"The groundwork of all happiness is health." - Leigh Hunt

Can diabetes medications reduce the chance of age-related dementia?

November 6, 2023 – It's latest, it's exciting, and it's a subject that has many diabetes researchers and doctors cautiously optimistic, while others are waiting until more evidence emerges.

But for older individuals with type 2 diabetes, in addition to those starting treatment, the news could possibly be a transparent win: New research has shown that common diabetes medications can reduce the chance of dementia and possibly other potentially life-threatening diseases Disturbances.

If this connection is proven, it could literally open a path to mindful aging.

Diabetes affects roughly 37 million people within the USA and almost half a billion people worldwide, numbers which are expected to extend significantly over the subsequent twenty years. At the identical time, “approximately 47 million people are living with dementia, and we expect that number to nearly double in 2030 and again in 2050,” said Stella Daskalopoulou, MD, a professor and internist within the university's department of medication McGill University Health Center in Montreal.

The two diseases are linked, and there’s a growing body of research suggesting that diabetes can be present Metabolic syndrome and obesity increase the chance of dementia. This raises the query of whether higher control of diabetes and related diseases might help preserve mental abilities throughout life.

“There has been a lot of work over the last decade to use existing data to understand the association between different diabetes medications and the risk of mild cognitive impairment or dementia,” said Rozalina G. McCoy, MD, associate professor of medication and associate department head for clinical research within the Department of Endocrinology, Diabetes and Nutrition on the University of Maryland School of Medicine in Baltimore.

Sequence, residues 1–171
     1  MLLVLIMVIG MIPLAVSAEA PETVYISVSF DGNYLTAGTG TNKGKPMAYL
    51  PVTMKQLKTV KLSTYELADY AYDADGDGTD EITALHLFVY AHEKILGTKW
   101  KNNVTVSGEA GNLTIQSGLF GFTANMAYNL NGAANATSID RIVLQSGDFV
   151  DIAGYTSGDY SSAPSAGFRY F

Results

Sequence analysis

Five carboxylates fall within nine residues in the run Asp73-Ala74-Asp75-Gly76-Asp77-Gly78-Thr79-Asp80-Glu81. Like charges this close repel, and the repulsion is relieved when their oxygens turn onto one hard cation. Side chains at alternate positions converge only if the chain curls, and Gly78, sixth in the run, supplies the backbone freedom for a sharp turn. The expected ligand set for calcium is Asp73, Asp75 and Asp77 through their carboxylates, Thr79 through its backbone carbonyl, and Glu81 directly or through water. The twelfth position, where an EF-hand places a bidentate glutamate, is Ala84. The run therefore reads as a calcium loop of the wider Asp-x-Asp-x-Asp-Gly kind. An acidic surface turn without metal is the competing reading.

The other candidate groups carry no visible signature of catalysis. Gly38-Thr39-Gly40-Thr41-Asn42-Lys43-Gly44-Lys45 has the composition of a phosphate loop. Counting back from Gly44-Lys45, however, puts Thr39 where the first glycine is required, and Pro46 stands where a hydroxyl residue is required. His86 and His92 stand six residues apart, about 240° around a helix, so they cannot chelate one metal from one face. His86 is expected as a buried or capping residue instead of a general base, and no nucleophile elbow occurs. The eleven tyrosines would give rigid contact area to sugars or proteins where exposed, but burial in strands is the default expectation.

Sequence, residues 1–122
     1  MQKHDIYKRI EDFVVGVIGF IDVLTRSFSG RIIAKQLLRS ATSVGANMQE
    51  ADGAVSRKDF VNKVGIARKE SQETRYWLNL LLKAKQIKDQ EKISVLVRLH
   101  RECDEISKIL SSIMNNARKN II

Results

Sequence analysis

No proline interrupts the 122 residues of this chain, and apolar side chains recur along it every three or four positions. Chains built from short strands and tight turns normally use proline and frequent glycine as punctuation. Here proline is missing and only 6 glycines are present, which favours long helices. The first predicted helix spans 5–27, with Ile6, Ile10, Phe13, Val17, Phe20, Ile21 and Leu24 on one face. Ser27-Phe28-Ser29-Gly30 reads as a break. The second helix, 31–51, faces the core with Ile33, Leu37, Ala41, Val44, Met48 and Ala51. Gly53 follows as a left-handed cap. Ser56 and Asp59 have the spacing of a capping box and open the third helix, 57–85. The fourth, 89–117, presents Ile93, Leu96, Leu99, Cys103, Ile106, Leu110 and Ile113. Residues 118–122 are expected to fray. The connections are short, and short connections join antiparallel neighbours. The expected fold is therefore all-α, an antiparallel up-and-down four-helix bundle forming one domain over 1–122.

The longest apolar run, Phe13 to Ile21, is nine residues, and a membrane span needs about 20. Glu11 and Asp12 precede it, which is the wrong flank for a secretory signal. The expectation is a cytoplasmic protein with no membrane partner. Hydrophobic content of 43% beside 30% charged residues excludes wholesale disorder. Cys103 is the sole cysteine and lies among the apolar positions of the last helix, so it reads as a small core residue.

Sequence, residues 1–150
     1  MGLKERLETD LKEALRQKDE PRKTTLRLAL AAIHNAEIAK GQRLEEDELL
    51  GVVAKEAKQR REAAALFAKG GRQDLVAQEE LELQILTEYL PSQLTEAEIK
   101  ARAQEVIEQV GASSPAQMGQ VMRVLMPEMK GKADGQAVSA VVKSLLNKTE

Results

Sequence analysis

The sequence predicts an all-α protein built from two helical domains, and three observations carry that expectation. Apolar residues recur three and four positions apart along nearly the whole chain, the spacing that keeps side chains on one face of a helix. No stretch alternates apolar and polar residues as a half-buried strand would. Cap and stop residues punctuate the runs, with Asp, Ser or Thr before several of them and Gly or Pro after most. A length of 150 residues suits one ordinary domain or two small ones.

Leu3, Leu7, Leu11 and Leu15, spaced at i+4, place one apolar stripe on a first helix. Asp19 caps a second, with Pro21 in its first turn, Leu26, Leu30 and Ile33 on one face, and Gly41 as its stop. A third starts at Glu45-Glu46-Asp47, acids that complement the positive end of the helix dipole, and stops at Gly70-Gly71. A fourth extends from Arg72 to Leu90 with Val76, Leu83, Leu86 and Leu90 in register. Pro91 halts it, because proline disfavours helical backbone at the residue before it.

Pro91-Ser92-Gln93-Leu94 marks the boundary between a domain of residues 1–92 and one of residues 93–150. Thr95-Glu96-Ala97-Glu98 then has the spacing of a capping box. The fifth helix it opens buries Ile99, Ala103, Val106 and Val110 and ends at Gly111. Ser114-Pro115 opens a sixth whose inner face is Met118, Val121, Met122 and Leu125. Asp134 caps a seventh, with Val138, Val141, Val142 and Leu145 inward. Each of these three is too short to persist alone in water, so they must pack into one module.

“They’ve been really consistent with what they’ve found,” she said. They found that continued use of metformin, a quite common medication used to treat blood sugar problems in individuals with diabetes, appears to cut back the chance of cognitive impairment or dementia. On the opposite hand, one other diabetes drug called sulfonylureas is related to a better risk.

A recent review and evaluation co-authored by Daskalopoulou seems to substantiate this this protection Effect of metformin against cognitive decline. But metformin isn't the one drug that appears to support the brain; The researchers learned that studies of newer drugs similar to Jardiance, Ozempic and Trulicity also appear to significantly reduce the chance of dementia, even perhaps greater than metformin.